You Can Challenge the Test Standardization

By questioning the officer on the standardized procedures, a trained attorney can highlight any deviations or inconsistencies that may have influenced the test’s accuracy. For example, the NHTSA guidelines for the Horizontal Gaze Nystagmus test state that the stimulus should be approximately 12-15 inches from the suspect’s face. This distance is necessary to observe eye movements accurately. Additionally, the stimulus must be held slightly above the eyes and can only be moved at certain times as the test is conducted.

If the officer fails to maintain the correct distance or otherwise error when administering the test, it may alter the suspect’s eye movements, leading to a false indication of impairment. During cross-examination, a defense attorney with knowledge of these protocols can highlight deviations, cast doubt on the accuracy of the HGN test results, and weaken the prosecution’s case.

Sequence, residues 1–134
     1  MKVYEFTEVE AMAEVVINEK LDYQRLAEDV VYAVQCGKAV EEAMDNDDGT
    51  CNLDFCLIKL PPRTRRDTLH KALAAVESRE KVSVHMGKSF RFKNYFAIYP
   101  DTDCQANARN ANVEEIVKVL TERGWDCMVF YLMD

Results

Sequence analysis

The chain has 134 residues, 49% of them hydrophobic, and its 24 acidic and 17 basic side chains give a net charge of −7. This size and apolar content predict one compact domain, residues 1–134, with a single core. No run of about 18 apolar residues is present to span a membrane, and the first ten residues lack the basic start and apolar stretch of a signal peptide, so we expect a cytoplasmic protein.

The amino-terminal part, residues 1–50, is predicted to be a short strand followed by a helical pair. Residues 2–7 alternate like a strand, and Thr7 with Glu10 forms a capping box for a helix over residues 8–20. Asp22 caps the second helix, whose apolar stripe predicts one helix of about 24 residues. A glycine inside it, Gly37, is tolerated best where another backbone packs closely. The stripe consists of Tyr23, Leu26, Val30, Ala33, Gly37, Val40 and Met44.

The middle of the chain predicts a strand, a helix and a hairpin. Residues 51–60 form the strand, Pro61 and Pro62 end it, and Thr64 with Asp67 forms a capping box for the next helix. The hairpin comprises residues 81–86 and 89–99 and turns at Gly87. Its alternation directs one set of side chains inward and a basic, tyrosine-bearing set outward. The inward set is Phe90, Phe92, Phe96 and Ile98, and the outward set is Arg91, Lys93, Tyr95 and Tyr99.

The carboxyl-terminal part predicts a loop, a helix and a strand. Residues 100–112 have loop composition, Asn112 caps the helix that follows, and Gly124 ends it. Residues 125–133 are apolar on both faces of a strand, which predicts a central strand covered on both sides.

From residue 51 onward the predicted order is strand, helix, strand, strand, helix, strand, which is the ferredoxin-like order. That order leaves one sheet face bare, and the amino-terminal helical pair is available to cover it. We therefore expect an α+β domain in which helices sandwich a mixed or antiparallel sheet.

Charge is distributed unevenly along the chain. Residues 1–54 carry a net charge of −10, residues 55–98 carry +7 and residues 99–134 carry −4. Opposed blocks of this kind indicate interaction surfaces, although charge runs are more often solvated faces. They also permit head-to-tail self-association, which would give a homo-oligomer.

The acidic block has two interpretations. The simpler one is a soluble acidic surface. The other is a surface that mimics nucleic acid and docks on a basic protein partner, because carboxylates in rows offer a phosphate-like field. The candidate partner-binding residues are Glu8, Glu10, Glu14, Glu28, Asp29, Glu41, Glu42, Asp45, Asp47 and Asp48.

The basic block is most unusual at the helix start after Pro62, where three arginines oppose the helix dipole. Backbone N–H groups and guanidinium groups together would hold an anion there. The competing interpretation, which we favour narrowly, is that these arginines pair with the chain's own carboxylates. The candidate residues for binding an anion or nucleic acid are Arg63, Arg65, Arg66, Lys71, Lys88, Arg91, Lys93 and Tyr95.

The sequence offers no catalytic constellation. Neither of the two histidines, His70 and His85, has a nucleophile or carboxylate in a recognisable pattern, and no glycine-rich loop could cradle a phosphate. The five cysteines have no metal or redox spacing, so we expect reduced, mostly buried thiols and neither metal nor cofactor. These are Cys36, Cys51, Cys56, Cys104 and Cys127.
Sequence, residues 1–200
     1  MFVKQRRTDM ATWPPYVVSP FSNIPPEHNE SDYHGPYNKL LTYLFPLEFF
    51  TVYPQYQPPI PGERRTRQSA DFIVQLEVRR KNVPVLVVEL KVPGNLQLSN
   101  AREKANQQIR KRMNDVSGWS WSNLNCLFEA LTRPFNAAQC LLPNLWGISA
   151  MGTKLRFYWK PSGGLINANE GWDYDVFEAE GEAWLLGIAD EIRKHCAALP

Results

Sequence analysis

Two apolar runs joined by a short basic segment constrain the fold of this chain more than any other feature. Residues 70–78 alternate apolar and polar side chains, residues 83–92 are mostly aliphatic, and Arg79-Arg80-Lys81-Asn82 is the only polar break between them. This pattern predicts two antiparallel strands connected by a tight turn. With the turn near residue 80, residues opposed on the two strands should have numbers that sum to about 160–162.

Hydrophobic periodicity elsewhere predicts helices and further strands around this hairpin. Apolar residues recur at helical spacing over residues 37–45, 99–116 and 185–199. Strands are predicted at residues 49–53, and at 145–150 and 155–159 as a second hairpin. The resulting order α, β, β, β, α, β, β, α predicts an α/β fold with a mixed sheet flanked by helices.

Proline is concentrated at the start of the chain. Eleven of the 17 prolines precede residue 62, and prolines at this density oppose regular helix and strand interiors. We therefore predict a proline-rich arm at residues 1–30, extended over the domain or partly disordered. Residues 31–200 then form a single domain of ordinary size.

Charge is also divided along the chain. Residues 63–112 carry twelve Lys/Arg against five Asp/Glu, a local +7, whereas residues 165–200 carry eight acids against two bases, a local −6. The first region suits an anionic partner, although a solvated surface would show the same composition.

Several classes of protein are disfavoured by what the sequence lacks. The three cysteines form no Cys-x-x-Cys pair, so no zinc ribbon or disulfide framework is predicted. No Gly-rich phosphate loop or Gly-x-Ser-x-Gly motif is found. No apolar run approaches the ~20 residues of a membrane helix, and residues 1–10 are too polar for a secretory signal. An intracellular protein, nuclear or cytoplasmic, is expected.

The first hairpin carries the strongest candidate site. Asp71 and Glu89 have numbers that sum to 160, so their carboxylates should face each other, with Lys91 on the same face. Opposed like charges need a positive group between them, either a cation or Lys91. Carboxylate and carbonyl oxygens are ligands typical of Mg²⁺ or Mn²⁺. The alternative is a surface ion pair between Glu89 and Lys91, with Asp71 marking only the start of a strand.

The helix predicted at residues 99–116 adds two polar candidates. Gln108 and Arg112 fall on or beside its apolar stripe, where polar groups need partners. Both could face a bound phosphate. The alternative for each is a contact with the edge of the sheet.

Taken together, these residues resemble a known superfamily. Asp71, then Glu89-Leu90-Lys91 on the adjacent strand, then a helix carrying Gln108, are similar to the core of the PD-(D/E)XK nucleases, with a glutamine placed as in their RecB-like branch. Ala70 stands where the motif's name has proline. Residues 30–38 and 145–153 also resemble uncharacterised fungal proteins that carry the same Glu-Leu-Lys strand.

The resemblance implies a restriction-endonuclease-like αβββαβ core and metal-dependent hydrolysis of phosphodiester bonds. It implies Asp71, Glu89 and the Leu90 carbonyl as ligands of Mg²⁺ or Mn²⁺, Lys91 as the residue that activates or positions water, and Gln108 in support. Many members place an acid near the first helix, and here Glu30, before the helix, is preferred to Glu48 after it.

Argue the Presence of Environmental Factors

Aside from possible mistakes in how your DUI test was performed, a lawyer with SFTS credentials can scrutinize the conditions in which you were tested to pinpoint any opportunities. Field sobriety tests sound reliable in theory, but assessing someone’s level of intoxication on the side of the road, at all hours, and in the elements is harder than expected.

Testing using the Walk and Turn method should ideally be conducted on a flat and level surface, free from any obstructions or hazards. This ensures the suspect has a stable and consistent area to walk.

However, police are known to conduct this test on uneven pavements, gravel, or in inclement weather. Any of these can significantly impact your ability to perform the test. During cross-examination, your lawyer can question the officer about the conditions present during the test. They may ask about uneven surfaces, poor lighting, loud noises, or other adverse conditions affecting your balance, coordination, and overall performance.

Highlight The Officer’s Lack of Training